The Effect of Hysteresis on Equilibrium Selection in Coordination Games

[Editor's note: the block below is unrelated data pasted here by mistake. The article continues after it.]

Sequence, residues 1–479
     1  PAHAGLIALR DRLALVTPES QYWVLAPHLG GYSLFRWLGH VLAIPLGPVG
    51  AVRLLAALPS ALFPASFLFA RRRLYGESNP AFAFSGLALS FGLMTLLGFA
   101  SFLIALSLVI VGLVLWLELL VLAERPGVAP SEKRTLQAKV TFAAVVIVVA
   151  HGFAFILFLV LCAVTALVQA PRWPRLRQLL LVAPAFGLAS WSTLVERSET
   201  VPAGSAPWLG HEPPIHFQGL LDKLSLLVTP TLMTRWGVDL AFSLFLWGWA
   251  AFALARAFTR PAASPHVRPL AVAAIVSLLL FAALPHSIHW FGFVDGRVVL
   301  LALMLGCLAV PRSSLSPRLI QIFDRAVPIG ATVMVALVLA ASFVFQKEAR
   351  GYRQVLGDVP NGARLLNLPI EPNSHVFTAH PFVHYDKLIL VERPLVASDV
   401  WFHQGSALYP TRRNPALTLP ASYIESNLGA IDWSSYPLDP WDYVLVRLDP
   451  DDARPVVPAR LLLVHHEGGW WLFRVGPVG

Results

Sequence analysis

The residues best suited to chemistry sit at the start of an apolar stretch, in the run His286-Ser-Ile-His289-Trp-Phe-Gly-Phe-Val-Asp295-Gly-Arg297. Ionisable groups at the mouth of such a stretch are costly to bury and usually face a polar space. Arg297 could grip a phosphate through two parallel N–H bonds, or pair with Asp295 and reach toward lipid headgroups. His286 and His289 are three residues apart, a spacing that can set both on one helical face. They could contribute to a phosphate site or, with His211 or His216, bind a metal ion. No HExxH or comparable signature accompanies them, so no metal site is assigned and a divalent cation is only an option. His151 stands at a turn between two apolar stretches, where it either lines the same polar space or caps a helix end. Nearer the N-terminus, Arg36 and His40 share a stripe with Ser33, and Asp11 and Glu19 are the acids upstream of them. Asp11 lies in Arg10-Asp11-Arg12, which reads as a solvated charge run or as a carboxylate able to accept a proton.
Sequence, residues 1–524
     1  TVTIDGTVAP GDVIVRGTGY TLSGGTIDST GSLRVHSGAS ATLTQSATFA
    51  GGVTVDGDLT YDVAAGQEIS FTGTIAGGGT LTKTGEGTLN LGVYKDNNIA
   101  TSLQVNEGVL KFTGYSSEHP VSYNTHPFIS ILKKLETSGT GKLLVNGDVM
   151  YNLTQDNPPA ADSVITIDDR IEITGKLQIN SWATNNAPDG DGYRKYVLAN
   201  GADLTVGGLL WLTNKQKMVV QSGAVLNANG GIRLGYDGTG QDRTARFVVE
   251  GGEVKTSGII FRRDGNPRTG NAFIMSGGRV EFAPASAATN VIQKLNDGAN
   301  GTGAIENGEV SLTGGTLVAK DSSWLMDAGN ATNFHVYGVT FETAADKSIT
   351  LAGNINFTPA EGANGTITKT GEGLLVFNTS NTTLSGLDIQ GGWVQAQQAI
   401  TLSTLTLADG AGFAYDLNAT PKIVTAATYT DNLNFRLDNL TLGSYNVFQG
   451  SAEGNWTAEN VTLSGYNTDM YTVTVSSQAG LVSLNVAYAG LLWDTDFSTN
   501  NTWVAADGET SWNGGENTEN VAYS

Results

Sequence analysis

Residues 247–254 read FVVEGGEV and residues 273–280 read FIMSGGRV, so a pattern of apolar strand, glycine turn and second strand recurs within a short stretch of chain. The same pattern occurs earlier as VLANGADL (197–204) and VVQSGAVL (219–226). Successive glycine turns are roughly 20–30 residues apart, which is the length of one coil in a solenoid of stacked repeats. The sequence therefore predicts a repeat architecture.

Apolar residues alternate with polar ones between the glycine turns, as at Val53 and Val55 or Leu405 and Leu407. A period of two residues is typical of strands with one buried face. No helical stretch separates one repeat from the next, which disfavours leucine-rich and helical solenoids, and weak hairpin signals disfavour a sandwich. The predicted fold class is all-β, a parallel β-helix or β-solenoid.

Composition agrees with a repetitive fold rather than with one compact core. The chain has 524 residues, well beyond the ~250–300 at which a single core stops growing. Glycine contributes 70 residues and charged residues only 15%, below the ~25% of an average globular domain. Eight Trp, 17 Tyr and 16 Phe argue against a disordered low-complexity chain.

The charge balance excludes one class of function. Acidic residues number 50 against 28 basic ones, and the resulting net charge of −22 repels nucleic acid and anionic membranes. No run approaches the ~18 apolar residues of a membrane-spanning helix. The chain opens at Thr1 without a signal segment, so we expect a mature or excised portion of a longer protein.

One of the fundamental problems in both economics and organization is to understand how individuals coordinate. The widely used minimum-effort coordination game has been used as a simplifed model to better understand this problem. This paper first presents some theoretical results that give conditions under which the minimum-effort coordination game exhibits hysteresis. Using these theoretical results, some experimental hypotheses are developed and then confirmed using human subjects in the laboratory. The main insight is that play in a given game is heavily dependent on the history of parameters leading up to that game. For example, the experiments show when cost c = 0:5 in the minimum-effort coordination game, there is signifcantly more high effort if the cost has increased to c = 0:5 compared to when the cost has decreased to c = 0:5. One implication of this is that a temporary change in parameters may be able move the economic system from a bad equilibrium to a good equilibrium.
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